A safety training course run by the Vrije University in Brussels this April will target a variety of issues relating to the testing of cosmetic products and ingredients and how to remain within EU legislation.
With the seventh amendment now requiring that all cosmetic products sold in the EU should have a technical dossier containing specific safety evalutations of the finished products, full knowledge of all procedures relating to cosmetics safety is more important than ever.
Addressing this issue, the Vrije University cosmetics safety training course will be held from 2-7 April to address a number of key issues, including risk perception and assessment, validation methods, approaches to creating safety dossiers, alternatives to animal testing and even how to create a positive listing for a new ingredient.
Entitled 'Safety Assessment of Cosmetics in the European Union (EU),' the course aims to guide manufacturers through the difficulties relating to the often complex EU legislation, whilst clearly showing how to comply with it.
The organisers point out that the seventh amendment states that the safety evaluation must be performed by a qualified professional, holding a diploma in a related field of science or a similar discipline.
However, they also stresses that potential safety assessors of cosmetics should follow additional specific academic training in safety evaluation of cosmetics because of more specific requirements.
Reasons for this include the lack of relevance in certain aspects of general education programmes, additional training requirements for safety accessors in certain member states, as well as the requirement of the Seventh Amendments to move from in vivo to in vitro testing in safety assessment of cosmetic ingredients and products.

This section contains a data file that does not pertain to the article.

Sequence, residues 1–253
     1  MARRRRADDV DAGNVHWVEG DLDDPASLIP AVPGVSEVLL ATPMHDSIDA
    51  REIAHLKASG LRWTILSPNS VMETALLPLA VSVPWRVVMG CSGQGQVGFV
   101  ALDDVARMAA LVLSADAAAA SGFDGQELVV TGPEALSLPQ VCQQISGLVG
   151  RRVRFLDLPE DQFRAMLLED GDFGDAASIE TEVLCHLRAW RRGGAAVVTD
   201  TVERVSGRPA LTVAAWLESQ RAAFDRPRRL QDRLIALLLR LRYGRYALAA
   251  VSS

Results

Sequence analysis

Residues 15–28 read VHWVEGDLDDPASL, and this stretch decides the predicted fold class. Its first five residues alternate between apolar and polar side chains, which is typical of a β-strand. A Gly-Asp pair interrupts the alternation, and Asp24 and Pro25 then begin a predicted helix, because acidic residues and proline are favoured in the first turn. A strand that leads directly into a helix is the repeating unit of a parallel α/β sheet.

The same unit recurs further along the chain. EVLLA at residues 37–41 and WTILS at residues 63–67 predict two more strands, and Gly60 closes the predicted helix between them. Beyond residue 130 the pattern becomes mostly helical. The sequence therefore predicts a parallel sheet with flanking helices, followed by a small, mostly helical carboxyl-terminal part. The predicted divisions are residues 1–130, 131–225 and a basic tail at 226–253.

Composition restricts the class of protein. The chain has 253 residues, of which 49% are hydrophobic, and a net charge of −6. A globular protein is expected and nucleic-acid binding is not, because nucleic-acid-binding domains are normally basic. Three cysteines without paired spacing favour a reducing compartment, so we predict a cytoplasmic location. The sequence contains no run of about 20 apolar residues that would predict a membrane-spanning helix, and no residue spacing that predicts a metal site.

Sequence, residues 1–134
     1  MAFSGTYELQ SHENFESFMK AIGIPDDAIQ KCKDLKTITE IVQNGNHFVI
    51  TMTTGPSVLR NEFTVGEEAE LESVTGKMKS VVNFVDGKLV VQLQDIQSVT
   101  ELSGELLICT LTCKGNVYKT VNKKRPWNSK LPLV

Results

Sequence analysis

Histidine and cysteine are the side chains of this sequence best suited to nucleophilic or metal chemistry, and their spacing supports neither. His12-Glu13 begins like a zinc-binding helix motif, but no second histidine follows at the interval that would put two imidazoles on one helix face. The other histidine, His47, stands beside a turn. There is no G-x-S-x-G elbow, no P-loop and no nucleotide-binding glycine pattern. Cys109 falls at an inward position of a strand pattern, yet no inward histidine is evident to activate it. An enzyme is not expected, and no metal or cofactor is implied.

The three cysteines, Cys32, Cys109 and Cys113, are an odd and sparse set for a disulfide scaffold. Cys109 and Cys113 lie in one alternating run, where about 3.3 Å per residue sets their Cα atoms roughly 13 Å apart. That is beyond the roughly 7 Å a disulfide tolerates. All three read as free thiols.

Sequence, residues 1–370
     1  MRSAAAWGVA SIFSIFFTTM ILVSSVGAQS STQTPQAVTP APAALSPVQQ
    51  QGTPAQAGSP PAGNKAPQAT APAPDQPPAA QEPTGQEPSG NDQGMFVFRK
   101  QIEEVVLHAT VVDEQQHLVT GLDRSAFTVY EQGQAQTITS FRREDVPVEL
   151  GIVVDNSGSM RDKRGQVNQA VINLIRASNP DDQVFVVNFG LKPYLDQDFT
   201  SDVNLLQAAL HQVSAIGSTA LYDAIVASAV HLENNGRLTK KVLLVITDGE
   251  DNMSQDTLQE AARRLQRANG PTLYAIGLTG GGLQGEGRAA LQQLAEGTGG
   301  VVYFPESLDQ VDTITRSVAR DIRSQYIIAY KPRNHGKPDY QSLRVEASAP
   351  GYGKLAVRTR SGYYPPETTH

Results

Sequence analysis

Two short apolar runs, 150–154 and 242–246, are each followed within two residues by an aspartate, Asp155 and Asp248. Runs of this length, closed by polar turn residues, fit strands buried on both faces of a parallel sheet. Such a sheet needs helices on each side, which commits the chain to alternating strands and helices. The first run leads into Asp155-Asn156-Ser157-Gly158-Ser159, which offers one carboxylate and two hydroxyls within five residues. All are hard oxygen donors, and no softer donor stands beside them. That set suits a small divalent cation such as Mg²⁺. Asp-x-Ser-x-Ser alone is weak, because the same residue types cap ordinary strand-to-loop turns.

As well as these issues, the course will also consider the special needs of small and medium sized enterprises (SMEs), the growing awareness of the consumer, and the changing task of raw material suppliers for cosmetics.
It is also open to raw material suppliers, responsible persons of SMEs and contract laboratories, inspectors and legislators.
The course has been organised in tandem with the cosmetic industry and teaching is carried out at a high standard academic level. Emphasis will be given to key issues in safety evaluation including the 3R-methods and the interpretation of the results and what are the toxicological requirements by the Commission for cosmetic ingredients testing.
Practical courses, in which the realisation of a technical dossier for a finished cosmetic product is central, are included. The possibility will be given to all participants to pass a written exam at the end of the last day of the course.